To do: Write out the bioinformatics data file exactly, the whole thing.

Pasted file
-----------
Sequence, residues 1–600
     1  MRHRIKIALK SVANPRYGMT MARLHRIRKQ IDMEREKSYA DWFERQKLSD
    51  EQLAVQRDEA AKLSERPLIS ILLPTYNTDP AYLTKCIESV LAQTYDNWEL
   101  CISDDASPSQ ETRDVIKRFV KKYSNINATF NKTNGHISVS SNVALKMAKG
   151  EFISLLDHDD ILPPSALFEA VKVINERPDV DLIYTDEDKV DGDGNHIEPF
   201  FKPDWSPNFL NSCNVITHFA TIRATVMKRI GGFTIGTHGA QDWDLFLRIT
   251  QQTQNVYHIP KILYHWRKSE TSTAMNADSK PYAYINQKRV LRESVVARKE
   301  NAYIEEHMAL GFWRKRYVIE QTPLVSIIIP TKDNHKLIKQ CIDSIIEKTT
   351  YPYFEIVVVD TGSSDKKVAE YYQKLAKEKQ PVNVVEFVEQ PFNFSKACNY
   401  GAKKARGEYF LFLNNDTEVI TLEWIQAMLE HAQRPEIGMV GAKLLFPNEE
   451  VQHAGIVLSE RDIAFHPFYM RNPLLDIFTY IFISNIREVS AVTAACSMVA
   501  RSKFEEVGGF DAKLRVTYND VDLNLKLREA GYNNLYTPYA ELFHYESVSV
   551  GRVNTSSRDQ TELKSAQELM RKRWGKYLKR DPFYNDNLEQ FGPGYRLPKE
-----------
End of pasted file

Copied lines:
Sequence, residues 1–600
     1  MRHRIKIALK SVANPRYGMT MARLHRIRKQ IDMEREKSYA DWFERQKLSD
    51  EQLAVQRDEA AKLSERPLIS ILLPTYNTDP AYLTKCIESV LAQTYDNWEL
   101  CISDDASPSQ ETRDVIKRFV KKYSNINATF NKTNGHISVS SNVALKMAKG
   151  EFISLLDHDD ILPPSALFEA VKVINERPDV DLIYTDEDKV DGDGNHIEPF
   201  FKPDWSPNFL NSCNVITHFA TIRATVMKRI GGFTIGTHGA QDWDLFLRIT
   251  QQTQNVYHIP KILYHWRKSE TSTAMNADSK PYAYINQKRV LRESVVARKE
   301  NAYIEEHMAL GFWRKRYVIE QTPLVSIIIP TKDNHKLIKQ CIDSIIEKTT
   351  YPYFEIVVVD TGSSDKKVAE YYQKLAKEKQ PVNVVEFVEQ PFNFSKACNY
   401  GAKKARGEYF LFLNNDTEVI TLEWIQAMLE HAQRPEIGMV GAKLLFPNEE
   451  VQHAGIVLSE RDIAFHPFYM RNPLLDIFTY IFISNIREVS AVTAACSMVA
   501  RSKFEEVGGF DAKLRVTYND VDLNLKLREA GYNNLYTPYA ELFHYESVSV
   551  GRVNTSSRDQ TELKSAQELM RKRWGKYLKR DPFYNDNLEQ FGPGYRLPKE